This American Neo-Liberalism in its original and now in its solidified archetypal form by the Trump Administration encompasses freedom of choice in the market place. With this has come an abhorrence of any form of government control over markets.

    It also encompasses freedom in other areas such as the possession of guns. “Get the government out of my life” is the saying.

    The late economist Nobel Prize Winner Milton Friedman built his reputation on this American belief of Neo-Liberalism. Adam Smith’s “hidden hand” had for Neo-Liberals like him become a near religious “belief.”

    House Speaker Paul Ryan today subscribes to this Friedmanian Neo-Liberal near religious economic “belief” in the broadest sense. (Also, he is known to be a follower of Ayn Rand)

    This system of belief was the underlying reason Federal Reserve Chairman Alan Greenspan (A Neo-Liberal and Ayn Rand acolyte in his younger years) steered the Congress away from action that could have prevented the 2008 market crash. Here is a quote from him during a congressional testimony before the crash:

    “Increasingly complex financial instruments have contributed to the development of a far more flexible, efficient, and hence resilient financial system….”

    http://www.InquiryAbraham.com

  2. A society created by violence, expanded through violence, and filled with violence – perhaps it will die by violence – unfortunately that probably takes the rest of the world with it. As long as there is a Second Amendment supported by the NRA, nothing will change.

  3. Sally Dugman says:

    My daughter is a guidance counselor, a position like being a school psychologist. She, by herself, handles a school with 350 children in her role. It is a lot of heavy work with such a huge load of children to which to attend. So you streamline and teach classes to groups and only attend to the individuals worst in trouble.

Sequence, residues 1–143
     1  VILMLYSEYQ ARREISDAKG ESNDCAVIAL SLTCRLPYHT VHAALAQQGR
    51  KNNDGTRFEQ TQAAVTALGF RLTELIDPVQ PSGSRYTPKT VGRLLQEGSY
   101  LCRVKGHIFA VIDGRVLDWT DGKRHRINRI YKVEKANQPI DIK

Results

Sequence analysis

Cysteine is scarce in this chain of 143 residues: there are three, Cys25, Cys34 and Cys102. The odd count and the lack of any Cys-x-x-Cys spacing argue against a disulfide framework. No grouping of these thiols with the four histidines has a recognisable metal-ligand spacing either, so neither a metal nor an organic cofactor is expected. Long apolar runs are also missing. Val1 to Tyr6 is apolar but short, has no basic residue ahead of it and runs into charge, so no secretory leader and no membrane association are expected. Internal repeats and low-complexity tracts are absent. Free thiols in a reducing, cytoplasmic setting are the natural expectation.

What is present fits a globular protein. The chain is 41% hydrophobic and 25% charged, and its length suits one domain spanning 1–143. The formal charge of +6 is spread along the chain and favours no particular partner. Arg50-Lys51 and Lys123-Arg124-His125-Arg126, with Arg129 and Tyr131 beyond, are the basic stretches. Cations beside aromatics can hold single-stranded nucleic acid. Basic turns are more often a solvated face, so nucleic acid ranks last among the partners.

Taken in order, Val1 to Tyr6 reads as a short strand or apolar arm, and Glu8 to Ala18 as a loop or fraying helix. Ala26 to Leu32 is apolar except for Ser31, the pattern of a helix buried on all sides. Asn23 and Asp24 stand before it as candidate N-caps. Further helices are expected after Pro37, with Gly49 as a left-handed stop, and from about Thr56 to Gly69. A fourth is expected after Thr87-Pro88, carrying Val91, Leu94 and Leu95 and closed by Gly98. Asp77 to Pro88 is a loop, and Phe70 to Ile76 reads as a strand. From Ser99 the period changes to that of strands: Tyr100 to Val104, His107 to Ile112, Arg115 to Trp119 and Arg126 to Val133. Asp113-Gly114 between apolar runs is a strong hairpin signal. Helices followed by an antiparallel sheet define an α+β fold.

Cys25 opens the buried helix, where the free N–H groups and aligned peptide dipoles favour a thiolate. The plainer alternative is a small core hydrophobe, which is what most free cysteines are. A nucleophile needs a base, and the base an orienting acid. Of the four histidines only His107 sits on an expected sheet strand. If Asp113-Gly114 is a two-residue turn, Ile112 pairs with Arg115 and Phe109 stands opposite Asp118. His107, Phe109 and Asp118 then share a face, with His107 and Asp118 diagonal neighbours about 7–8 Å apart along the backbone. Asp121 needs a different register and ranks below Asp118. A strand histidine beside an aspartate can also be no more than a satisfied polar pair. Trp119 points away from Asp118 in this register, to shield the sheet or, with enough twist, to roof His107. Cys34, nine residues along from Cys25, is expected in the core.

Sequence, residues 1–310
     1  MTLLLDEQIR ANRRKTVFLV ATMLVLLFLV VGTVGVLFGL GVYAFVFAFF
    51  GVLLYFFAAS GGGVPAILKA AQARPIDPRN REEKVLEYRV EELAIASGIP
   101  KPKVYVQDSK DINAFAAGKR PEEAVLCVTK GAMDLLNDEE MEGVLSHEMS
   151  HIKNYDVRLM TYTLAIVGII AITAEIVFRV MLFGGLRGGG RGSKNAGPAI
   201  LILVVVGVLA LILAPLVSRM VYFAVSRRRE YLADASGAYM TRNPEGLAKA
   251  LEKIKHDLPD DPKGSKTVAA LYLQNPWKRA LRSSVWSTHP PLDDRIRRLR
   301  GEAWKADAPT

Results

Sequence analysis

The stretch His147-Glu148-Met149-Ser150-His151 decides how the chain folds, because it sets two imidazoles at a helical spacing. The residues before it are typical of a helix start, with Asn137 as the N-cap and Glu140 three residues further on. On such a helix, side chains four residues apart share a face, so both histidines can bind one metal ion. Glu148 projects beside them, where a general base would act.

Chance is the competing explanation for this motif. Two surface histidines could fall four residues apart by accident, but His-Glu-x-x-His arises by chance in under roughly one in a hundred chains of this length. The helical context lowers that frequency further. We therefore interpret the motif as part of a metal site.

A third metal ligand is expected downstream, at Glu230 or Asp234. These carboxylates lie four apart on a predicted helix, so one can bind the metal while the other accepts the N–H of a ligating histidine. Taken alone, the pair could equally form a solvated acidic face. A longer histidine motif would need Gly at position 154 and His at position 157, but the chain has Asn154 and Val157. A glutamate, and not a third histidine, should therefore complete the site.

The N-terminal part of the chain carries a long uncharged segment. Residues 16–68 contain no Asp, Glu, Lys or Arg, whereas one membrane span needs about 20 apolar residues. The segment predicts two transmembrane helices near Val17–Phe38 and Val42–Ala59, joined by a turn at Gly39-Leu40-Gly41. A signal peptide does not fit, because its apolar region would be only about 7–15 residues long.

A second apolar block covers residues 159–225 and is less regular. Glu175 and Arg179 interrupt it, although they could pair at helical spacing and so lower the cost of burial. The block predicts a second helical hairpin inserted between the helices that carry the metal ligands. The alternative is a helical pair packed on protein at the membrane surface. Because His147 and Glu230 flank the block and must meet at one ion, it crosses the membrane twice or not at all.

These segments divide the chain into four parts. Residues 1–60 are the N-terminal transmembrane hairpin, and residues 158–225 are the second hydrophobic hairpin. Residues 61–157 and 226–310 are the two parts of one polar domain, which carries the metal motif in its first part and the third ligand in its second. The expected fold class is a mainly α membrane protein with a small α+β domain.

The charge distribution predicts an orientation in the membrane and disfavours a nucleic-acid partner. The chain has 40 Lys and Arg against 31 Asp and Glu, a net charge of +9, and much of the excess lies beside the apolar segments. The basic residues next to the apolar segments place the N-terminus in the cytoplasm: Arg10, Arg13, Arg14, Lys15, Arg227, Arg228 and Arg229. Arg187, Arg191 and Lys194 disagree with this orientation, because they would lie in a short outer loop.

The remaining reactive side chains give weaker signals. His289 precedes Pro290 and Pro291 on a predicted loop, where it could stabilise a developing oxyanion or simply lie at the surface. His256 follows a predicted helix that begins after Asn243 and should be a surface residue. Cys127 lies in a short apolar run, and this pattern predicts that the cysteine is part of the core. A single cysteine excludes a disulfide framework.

She is just a course or two under her doctoral degree. She didn’t complete it so that she would look like a financial bargain with only a Master’s with a 4.0 GPA (grade point average) since pay scale is dictated, wrongly, by educational level, which forces us to compete with each others for positions.

    One of her and my “jokes” is that I did my Master’s coursework with 4.0 GPA while going to school full-time and working a 40 hour a week job. (Her jobs were only twenty hours a week while she was a full-time student.) …

    We love to tease. We, more than playing around with each other, like to discuss the issues in our lives. So she will discuss cases and individual issues related to her job and I will respond with ideas. … It is very professional. She never discloses identities, nor personal information of other sorts.

    Now here’s my fear. She is my only child. She is in a public position that puts her at risk like that school psychologist that got killed in Sandy Hook. It is because ALWAYS a number of the students, parents, teachers and administration have mental health problems that are not being adequately addressed if even addressed at all.

    So every time that an incident happens like this one in FL happens, I get deeply disturbed. I can’t imagine losing my kindly daughter, who wants to serve humanity, in a deadly shooting. I can imagine the pain of people who did suffer such losses.

    Something needs to be done and done quickly to fix our broken health care system. The work that my daughter does is simply not enough! (Some of the adults and children with whom she deals are outright vicious. Others are crazier than coots!) … Her job is the support of children, but she is swamped in work. So our society needs to step up to make corrections. This little daughter of mine CAN’T do it all on her own. Impossible!